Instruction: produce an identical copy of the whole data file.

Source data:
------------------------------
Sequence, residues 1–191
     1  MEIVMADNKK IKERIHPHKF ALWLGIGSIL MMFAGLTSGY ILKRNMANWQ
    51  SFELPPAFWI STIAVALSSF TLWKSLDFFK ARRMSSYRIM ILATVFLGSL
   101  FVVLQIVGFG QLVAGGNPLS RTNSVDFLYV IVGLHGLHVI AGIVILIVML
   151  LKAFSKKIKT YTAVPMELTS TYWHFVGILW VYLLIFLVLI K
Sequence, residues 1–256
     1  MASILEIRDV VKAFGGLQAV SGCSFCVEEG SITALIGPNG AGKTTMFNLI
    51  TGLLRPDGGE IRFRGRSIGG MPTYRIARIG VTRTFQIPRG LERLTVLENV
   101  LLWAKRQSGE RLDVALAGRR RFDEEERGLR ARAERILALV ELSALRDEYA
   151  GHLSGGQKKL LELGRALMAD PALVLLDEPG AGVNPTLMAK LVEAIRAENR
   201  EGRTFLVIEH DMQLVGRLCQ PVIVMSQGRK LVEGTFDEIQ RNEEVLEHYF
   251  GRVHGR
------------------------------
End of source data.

Sequence, residues 1–191
     1  MEIVMADNKK IKERIHPHKF ALWLGIGSIL MMFAGLTSGY ILKRNMANWQ
    51  SFELPPAFWI STIAVALSSF TLWKSLDFFK ARRMSSYRIM ILATVFLGSL
   101  FVVLQIVGFG QLVAGGNPLS RTNSVDFLYV IVGLHGLHVI AGIVILIVML
   151  LKAFSKKIKT YTAVPMELTS TYWHFVGILW VYLLIFLVLI K
Sequence, residues 1–256
     1  MASILEIRDV VKAFGGLQAV SGCSFCVEEG SITALIGPNG AGKTTMFNLI
    51  TGLLRPDGGE IRFRGRSIGG MPTYRIARIG VTRTFQIPRG LERLTVLENV
   101  LLWAKRQSGE RLDVALAGRR RFDEEERGLR ARAERILALV ELSALRDEYA
   151  GHLSGGQKKL LELGRALMAD PALVLLDEPG AGVNPTLMAK LVEAIRAENR
   201  EGRTFLVIEH DMQLVGRLCQ PVIVMSQGRK LVEGTFDEIQ RNEEVLEHYF
   251  GRVHGR